the Government of Canada has been charged, as appears here in the report submitted, $33 per thousand, and the British Government has been charged the same price, or $8 per thousand more than was a fair market price at the time when these gentlemen appeared upon the scene and brought about a combination.

Topic:   QUESTIONS.
Subtopic:   THE BUDGET.
Sub-subtopic:   PROPOSED WAR TAXATION.
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CON

Robert Laird Borden (Prime Minister; Secretary of State for External Affairs; President of the Privy Council)

Conservative (1867-1942)

Sir ROBERT BORDEN:

What was the time to which the hon. gentleman alludes?

Topic:   QUESTIONS.
Subtopic:   THE BUDGET.
Sub-subtopic:   PROPOSED WAR TAXATION.
Permalink
LIB

William Pugsley

Liberal

Mr. PUGSLEY:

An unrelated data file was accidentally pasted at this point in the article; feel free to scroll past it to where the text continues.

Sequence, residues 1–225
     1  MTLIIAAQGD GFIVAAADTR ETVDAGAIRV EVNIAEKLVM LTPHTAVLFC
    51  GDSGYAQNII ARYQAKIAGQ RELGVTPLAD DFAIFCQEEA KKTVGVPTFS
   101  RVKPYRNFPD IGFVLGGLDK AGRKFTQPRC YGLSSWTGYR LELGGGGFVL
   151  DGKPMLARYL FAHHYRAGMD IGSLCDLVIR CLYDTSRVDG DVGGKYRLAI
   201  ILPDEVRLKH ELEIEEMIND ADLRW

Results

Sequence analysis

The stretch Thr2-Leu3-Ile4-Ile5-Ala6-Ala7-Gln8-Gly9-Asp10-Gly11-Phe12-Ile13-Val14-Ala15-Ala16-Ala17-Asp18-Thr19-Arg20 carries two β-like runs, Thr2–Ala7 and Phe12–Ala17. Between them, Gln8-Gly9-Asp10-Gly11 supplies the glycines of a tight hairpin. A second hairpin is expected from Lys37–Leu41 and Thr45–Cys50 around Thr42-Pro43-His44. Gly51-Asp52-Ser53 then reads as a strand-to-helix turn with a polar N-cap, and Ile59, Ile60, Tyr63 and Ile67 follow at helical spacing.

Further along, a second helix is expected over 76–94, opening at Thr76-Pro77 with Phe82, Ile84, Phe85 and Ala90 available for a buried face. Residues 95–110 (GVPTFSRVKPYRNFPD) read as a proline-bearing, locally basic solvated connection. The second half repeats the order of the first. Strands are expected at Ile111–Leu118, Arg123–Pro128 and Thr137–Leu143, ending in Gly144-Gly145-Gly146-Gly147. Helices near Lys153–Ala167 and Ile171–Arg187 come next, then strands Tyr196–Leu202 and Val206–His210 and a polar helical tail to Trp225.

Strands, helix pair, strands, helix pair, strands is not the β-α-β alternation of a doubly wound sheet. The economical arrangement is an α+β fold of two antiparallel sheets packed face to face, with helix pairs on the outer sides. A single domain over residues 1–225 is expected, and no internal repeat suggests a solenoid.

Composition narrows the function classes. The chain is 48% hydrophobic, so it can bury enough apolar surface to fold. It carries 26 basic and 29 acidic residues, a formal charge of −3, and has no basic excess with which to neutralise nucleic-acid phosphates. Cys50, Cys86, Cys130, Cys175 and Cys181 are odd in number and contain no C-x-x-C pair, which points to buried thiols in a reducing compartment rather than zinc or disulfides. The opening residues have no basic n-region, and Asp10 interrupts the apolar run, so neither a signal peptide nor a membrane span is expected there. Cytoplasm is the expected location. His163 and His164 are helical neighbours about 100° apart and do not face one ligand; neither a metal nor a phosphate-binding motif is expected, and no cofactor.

Some time in the fall of 1914. I do not wish to suggest for a single moment that there has been any wrongdoing on the part of the Government; but in view of what is professed to be almost common knowledge among Canadians in New York, I am sure that if, through these gentlemen who have been given credit by the Minister of Militia or some other member of the Government, the British Government or this Government, have paid much higher prices for war supplies than they ought to have paid, it is a subject which demands the immediate and most serious consideration of my right hon. friend the Prime Minister and his Government. It would be bad enough, it would be condemned by the Canadian people, it would be reprehensible, if gentlemen representing Canada had gone to the United States and succeeded in making only the Canadian Government and people pay more for ammunition in these times of stress than they ought to have paid; but it is worse when these gentlemen, by reason of having credit from the Canadian Government, have succeeded in making the British Government also pay a very much larger sum than ought to have been paid. The contracts of the British Government which have been secured in this way are not confined to one, two, five, or ten million rounds of amunition. One contract alone called for the enormous amount of 200,000,000 rounds, so I am informed; and if you take the extra charge of $8 per one thousand rounds, on that contract alone the British Government paid $1,600,000 beyond the fair market price for ammunition at the time these gentlemen acted as go-betweens between the manufacturers and the Government. My information is not at all of a confidential nature. The facts are professed to be generally known in the city of New York by those who keep in touch with Canadian affairs.